Foreign language hits don’t often break onto Top 40 airwaves, but when they do, they’re usually loaded with earworms and make terrific karaoke fodder. But when we start singing along, what exactly are we saying? Probably not what you think. Here are five hit songs in other languages and what the heck they actually mean once they’re translated.
1. Nena, “99 Luftballons”
Run Nena’s chirpy 1983 pop song through a translator, and the cheery German hit gets pretty sinister, pretty quickly. Nena guitar slinger Carlos Karges drew inspiration for the anti-war protest tune when he watched an army of balloons get released at a 1982 Rolling Stones concert in West Berlin.
His musings on the balloons’ ascension over the Berlin Wall (“99 balloons on their way to the horizon / People think they’re UFOs from space”) and into the Soviet Bloc gave way to lyrics about war and paranoia—99 luftballons become 99 fighter jets, war ministers, and years of war as the hysterical overreactions in the lyrics escalate.
Nena recorded an English version, retitled “99 Red Balloons,” but argued that the satirical rewrite felt unfaithful to the German meaning. The less cutesy German cut became an American smash, peaking at #2 on the Billboard Hot 100.
2. Ritchie Valens, “La Bamba”
Like “The Twist” or “The Cha Cha Slide,” “La Bamba” steals its name from a dance—one it doesn’t bother teaching listeners how to do. The term comes from the Spanish verb bambolear (to swing), and apparently all we need to dance it is “una poca de gracia” (a little grace). Valens doesn’t give away the moves, but la bamba is a traditional wedding dance for newlyweds in Veracruz. The Ritchie Valens hit started as a Mexican folk tune hailing from Veracruz and is now a mariachi staple.
3. Psy, "Gentleman"
The “Gangnam Style” rapper staved off one-hit wonder status when his video for “Gentleman” caught fire on YouTube. While “Gangnam Style” mocked Seoul’s pseudo-high-class district, “Gentleman” satirizes boorish boys claiming to be gentlemen who are anything but. The Korean sensation keeps his chorus classy, shouting, “I’m a mother-father gentleman” instead of another F-word that fits the blank.
Psy’s satirical (okay, silly) lyrics translate into eyebrow-raising one-liners like, “I’m a cool guy with courage, spirit and craziness” and “Damn girl! I’m a party mafia!” Like the social consciousness of “Gangnam Style,” Psy’s subversive sense of humor might only exist for the love of a good translator, save for a music video where a gleeful Psy plays ungentlemanly pranks on unsuspecting women.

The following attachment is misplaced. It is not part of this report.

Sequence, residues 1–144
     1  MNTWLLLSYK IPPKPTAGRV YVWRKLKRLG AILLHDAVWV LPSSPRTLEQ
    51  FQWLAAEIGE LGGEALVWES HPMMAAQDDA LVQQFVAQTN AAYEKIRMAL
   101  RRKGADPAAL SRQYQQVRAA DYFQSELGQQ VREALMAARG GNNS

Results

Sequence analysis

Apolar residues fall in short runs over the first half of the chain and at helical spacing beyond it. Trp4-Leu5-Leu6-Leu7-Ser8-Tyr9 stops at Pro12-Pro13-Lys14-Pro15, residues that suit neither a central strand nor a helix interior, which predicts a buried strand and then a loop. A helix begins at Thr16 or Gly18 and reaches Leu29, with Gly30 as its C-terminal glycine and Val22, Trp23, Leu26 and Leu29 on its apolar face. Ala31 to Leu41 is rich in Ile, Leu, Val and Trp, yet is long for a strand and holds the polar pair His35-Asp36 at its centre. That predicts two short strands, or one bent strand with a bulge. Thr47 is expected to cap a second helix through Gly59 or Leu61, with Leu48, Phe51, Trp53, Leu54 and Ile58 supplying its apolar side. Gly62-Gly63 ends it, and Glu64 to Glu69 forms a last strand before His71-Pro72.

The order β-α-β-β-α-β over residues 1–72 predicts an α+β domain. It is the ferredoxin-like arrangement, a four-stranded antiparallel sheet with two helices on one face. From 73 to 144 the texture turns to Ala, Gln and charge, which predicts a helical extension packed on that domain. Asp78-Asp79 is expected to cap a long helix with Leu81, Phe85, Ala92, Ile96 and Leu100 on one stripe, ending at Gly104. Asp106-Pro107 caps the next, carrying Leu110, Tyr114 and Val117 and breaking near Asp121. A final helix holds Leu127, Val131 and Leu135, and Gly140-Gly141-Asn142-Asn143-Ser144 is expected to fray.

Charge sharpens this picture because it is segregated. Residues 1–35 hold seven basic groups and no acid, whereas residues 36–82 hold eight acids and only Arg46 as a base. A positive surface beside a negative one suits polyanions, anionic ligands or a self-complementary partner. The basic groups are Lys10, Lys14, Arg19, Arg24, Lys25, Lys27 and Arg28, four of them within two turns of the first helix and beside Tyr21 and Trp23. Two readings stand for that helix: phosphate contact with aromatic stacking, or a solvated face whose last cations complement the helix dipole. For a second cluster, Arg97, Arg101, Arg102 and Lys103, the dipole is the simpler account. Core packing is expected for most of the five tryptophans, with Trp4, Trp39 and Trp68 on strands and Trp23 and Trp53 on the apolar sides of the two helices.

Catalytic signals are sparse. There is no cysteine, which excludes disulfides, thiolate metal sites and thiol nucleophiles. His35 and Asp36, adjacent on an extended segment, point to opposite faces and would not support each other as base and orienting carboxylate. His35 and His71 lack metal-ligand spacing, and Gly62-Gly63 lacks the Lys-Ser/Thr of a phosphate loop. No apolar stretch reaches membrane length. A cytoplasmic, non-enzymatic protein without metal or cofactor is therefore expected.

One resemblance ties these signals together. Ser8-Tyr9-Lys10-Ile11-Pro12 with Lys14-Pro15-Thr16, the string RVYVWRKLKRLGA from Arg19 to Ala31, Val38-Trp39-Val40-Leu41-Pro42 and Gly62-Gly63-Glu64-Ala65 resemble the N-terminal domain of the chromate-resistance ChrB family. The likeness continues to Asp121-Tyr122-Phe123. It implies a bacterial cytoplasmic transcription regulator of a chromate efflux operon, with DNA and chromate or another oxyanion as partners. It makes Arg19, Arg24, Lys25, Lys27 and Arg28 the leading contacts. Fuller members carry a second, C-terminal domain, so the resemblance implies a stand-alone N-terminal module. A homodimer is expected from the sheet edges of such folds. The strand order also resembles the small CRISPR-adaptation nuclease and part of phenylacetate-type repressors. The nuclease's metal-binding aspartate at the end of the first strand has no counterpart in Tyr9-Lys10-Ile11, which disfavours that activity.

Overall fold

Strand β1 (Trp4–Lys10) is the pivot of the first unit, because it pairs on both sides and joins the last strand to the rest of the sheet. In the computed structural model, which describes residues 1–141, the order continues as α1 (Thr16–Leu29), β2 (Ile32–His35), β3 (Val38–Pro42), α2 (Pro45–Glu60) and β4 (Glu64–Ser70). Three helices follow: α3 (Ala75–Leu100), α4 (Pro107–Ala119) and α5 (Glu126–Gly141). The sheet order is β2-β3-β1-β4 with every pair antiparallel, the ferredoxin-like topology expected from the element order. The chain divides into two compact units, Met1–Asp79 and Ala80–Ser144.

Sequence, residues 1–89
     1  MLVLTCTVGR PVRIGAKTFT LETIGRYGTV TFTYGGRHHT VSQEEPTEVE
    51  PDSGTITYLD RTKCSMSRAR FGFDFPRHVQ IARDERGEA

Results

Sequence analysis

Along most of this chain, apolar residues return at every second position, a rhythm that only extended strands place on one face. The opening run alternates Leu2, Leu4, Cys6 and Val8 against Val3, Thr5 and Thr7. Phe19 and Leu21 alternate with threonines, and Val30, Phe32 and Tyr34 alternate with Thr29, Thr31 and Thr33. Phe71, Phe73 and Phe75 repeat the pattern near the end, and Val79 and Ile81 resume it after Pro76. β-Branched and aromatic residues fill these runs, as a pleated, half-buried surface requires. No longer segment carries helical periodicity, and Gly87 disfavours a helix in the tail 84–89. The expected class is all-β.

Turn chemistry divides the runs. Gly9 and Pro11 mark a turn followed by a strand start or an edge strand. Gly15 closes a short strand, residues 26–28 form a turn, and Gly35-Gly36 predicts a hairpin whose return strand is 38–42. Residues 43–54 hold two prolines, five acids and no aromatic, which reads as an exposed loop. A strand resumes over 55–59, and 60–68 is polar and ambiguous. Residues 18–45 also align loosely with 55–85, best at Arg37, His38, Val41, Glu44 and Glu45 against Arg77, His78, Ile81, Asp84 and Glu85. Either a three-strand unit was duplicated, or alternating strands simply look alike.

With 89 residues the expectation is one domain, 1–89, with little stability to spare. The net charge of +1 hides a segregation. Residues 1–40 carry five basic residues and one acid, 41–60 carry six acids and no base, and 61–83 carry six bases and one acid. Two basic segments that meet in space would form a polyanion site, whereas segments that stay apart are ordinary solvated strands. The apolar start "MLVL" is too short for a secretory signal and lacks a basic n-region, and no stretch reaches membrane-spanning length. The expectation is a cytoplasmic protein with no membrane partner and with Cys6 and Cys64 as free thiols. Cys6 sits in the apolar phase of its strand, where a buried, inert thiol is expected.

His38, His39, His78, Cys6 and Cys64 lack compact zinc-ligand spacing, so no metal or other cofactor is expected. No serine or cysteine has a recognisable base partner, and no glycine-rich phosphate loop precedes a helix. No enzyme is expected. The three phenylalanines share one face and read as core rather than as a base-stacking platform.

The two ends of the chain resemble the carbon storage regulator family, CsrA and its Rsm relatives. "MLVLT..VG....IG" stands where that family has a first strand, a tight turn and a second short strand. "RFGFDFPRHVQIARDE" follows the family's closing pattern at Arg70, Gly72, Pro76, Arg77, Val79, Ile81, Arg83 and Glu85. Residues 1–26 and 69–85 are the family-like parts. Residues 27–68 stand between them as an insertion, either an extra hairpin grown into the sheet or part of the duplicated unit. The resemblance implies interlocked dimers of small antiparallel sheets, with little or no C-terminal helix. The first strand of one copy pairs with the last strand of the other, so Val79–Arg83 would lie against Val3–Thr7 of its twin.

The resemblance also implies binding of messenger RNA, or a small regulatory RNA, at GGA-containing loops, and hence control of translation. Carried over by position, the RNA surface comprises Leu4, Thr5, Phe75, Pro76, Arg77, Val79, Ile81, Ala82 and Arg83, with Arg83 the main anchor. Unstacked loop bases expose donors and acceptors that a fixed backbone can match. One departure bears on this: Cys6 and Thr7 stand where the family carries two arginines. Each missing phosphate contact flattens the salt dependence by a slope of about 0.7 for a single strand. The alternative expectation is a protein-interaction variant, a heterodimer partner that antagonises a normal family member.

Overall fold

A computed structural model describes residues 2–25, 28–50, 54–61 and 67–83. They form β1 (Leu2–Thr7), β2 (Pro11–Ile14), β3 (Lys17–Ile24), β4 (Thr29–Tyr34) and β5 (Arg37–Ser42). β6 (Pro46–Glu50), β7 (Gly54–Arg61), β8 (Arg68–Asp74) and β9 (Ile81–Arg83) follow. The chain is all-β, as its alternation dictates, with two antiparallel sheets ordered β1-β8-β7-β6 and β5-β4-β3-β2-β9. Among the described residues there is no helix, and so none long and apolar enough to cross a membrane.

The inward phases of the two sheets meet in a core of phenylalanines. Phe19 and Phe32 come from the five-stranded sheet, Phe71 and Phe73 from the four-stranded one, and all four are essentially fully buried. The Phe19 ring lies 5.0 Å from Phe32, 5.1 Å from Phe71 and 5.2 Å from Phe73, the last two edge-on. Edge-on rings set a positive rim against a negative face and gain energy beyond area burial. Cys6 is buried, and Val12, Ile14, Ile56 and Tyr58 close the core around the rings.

4. Falco, “Rock Me Amadeus”
Falco’s only number one stateside hit was a synthpop love letter to countryman Wolfgang Amadeus Mozart, who Falco describes as “ein Punker” (a punk), “ein Rockidol” (a rock idol), and “ein Mann der Frauen” (a women’s man). Taking a few pages from the book of period drama Amadeus, Falco painted the composer as a rock ‘n’ roll rebel and a prodigy from Vienna who drank, got the girls, and wrote totally punk symphonies.
5. Los Del Rio, “Macarena”
After mumbling a whole bunch of Spanish words, “Hey, Macarena!” is a fun thing to shout in the dance hit’s chorus, until you realize you’re shouting the name of a girl cheating on her boyfriend. When Vitorino, Macarena’s beau, enlists the army (“en la jura de bandera de muchacho”), she takes up with his two of his friends (“se la dió con dos amigos”).
So when the chorus kicks in a second time with “Dale la cuerpo alegria Macarena,” ("Give happiness to your body, Macarena"), there’s some serious double entendre going on—it’s probably not just the dancing Los Del Rio are singing about. Poor Vitorino: Even with the army angle cut from the U.S. remix, Macarena still cheats when he goes out of town for a weekend.